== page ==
# Simple integral

## Homework Statement

Is there a simple way to evaluate

S x^5 / [rt(x^2-ax)] dx ?

That is, the indefinite integral of (x^5) / [square root of (x^2-ax)].

## The Attempt at a Solution

My idea was to rewrite it as x^(9/2) / [rt(x-a)] and then do the substitution u = rt(x-a).
Then you get

S 2(u^2+a)^(9/2) du

But this too is difficult to evaluate.

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tiny-tim
Homework Helper
Welcome to PF!

∫ x^5 /√(x² - ax) dx ?
Hi Howsertal! Welcome to PF!

Hint: it's always worth trying completing the square … that is, putting (x² - ax) in the form ((x-b)² - c).

Hmm okay, so that puts it in the form

∫ x^5 / √[(x-(a/2))² - (a²/4)] dx

One possible substitution seems to be u = x-(a/2) but that puts it in the form

∫(u+(a/2))^5 / [u²-(a/2)²] du = ∫ (u+(a/2))^(9/2)) / [u-(a/2)] du

which doesnt seem alot better than what we started with. A trig substitution of the form
[x-(a/2)] = (a/2)secψ in the first integral above would yield

∫ [(((a/2)secψ) + (a/2))^5)/tanψ] secψtanψ d ψ

= ∫ (((a/2)secψ +(a/2))^5 secψ d ψ

which doesn't seem to yield easily either =/. Those are the only obvious substitutions I can think of. Is there a trick to this or am I just not seeing something? Thanks a lot for your help (btw having the list of symbols in your sig is a great idea!)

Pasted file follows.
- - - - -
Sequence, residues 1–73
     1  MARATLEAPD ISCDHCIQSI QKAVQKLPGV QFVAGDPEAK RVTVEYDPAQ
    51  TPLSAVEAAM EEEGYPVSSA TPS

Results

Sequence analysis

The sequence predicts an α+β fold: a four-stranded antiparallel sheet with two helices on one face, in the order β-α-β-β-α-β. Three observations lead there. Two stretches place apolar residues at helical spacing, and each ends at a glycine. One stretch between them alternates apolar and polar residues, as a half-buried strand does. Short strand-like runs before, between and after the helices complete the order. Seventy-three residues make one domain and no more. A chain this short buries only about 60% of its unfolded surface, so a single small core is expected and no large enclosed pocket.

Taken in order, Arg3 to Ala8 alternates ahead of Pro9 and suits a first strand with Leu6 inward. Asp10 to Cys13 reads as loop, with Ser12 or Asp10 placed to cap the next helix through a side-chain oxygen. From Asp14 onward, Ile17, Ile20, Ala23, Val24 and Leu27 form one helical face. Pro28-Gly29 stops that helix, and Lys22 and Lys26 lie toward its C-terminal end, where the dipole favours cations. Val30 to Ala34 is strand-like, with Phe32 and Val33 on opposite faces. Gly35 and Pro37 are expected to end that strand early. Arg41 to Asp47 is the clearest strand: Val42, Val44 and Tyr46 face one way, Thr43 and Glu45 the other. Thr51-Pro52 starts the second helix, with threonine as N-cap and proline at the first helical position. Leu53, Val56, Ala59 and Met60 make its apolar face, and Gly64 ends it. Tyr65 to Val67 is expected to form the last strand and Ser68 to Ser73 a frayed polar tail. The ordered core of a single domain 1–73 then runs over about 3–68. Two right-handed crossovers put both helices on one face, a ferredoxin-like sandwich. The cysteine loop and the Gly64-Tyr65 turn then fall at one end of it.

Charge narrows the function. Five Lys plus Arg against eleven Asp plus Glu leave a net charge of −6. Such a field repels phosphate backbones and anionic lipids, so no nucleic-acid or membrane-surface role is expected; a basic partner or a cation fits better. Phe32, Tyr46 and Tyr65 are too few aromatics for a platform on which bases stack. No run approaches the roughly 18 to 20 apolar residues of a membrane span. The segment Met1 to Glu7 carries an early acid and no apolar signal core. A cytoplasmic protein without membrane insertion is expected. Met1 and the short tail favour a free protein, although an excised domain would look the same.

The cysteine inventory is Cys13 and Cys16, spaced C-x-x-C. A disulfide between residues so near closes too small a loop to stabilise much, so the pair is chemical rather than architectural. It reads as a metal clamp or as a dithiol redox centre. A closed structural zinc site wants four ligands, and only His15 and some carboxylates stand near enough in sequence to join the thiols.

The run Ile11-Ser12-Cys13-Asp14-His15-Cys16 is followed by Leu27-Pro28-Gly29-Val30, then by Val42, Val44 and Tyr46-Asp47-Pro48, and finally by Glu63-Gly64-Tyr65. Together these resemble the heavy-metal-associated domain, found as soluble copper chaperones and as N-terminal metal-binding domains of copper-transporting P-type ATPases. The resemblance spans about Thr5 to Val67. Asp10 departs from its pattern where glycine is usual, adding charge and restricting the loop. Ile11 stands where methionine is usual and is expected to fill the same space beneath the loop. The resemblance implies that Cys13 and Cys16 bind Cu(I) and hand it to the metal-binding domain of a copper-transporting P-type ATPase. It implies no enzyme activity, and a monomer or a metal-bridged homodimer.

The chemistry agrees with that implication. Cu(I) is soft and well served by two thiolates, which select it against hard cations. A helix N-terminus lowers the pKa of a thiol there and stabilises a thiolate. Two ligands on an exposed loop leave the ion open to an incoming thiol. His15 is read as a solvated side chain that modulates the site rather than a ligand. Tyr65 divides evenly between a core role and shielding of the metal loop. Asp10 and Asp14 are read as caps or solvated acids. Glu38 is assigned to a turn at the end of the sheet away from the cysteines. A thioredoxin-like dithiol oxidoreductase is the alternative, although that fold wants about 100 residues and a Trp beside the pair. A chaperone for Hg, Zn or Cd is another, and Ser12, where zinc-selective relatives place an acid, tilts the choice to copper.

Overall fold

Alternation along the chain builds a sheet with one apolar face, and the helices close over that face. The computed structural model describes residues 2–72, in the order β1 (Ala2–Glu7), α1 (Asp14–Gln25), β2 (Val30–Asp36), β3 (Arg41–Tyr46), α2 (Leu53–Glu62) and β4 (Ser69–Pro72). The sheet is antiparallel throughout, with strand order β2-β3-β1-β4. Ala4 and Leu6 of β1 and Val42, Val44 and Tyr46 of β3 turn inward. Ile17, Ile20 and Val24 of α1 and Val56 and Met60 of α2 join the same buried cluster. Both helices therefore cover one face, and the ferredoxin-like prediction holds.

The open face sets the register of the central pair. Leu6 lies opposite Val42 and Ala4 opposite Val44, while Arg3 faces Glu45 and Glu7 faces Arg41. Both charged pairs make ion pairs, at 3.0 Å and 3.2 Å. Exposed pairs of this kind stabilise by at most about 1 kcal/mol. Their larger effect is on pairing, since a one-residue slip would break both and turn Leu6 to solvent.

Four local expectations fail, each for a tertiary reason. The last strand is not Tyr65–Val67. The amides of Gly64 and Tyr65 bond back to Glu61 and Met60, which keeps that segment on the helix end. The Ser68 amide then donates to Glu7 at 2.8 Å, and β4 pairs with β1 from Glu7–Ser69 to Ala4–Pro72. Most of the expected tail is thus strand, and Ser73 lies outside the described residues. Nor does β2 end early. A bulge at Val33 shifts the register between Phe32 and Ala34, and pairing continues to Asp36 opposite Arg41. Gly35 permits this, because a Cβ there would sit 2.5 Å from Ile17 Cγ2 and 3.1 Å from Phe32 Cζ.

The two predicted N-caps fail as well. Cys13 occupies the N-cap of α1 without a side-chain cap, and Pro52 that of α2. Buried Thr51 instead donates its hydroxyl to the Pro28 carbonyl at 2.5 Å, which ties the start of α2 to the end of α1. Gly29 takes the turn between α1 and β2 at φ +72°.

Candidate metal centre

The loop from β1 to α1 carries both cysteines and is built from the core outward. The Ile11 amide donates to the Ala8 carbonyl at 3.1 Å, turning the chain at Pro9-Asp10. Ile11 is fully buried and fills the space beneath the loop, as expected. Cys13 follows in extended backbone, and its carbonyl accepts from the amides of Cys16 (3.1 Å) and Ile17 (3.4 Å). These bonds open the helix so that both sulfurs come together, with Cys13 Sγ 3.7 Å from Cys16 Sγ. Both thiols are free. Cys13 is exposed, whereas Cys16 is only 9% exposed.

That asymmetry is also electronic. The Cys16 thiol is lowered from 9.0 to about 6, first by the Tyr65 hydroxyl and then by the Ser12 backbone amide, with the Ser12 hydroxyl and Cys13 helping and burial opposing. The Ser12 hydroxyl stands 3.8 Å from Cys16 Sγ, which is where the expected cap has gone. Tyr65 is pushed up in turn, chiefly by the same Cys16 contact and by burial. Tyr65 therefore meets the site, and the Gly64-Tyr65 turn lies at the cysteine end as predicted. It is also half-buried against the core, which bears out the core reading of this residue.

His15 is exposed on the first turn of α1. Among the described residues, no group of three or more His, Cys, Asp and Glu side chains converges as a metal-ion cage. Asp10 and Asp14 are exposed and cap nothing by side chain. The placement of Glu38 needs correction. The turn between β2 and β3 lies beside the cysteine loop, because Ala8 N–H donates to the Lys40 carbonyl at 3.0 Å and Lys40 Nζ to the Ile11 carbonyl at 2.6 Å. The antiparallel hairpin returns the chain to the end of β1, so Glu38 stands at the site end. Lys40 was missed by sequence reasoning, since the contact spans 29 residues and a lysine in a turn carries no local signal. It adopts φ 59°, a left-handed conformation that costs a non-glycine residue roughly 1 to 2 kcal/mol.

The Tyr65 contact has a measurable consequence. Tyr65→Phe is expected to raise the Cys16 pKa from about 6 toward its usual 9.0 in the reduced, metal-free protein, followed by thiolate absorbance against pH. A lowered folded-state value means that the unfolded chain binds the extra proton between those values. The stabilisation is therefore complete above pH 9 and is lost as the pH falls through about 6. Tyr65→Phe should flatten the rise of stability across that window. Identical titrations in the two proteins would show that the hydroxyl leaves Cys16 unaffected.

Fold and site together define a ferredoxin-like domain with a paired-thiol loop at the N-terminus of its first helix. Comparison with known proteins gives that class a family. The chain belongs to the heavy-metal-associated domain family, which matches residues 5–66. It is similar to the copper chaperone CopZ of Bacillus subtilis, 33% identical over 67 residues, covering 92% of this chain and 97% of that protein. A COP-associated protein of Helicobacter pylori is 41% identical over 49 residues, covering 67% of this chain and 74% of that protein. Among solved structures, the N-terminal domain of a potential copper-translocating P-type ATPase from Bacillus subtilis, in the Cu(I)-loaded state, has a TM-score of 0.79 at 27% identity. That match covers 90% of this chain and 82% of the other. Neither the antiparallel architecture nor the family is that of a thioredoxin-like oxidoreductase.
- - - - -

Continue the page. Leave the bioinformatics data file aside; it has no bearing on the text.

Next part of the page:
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HallsofIvy
Homework Helper
secant= 1/cosine. And odd powers of trig functions are relative easy to integrate.

tiny-tim
Homework Helper
Hi Howsertal!
∫ ((secψ +(a/2))^5 secψ d ψ
Looks ok to me …

Hint: what is (d/dψ)(sec^{n}ψ tanψ)?

(yes … I tried to get them to put the symbols on the Reply page … but this is almost as good … and I only use the signature if I need it! )

Do you mean that we can get

∫ (((a/2)secψ +(a/2))^5 secψ d ψ

into an expression just involving odd powers of trig functions?

Tiny-tim,

That derivative came out to
[sec^{n+2}ψ](1+n) - nsec^{n}ψ

which seems like it could be helpful but I'm not sure how. Sorry if I seem really dense.

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tiny-tim
Homework Helper
Hi Howsertal!

Well, you want to integrate (secψ +(a/2))^5 secψ, which is powers of secψ up to the sixth, and you now know that:

∫((n+1)sec^{n+2}ψ - nsec^{n}ψ) dψ = sec^{n}ψ tanψ

Ah i see, thank you very much. So that's a nifty way of getting expressions for all the integrals of powers of secant recursively.

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